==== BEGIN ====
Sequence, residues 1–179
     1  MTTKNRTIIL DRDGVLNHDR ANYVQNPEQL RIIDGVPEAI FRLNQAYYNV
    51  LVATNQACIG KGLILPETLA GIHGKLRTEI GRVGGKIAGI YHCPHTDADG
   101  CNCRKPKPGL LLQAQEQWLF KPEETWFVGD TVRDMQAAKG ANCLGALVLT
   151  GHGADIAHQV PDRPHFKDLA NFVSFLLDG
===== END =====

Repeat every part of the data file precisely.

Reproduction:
Sequence, residues 1–179
     1  MTTKNRTIIL DRDGVLNHDR ANYVQNPEQL RIIDGVPEAI FRLNQAYYNV
    51  LVATNQACIG KGLILPETLA GIHGKLRTEI GRVGGKIAGI YHCPHTDADG
   101  CNCRKPKPGL LLQAQEQWLF KPEETWFVGD TVRDMQAAKG ANCLGALVLT
   151  GHGADIAHQV PDRPHFKDLA NFVSFLLDG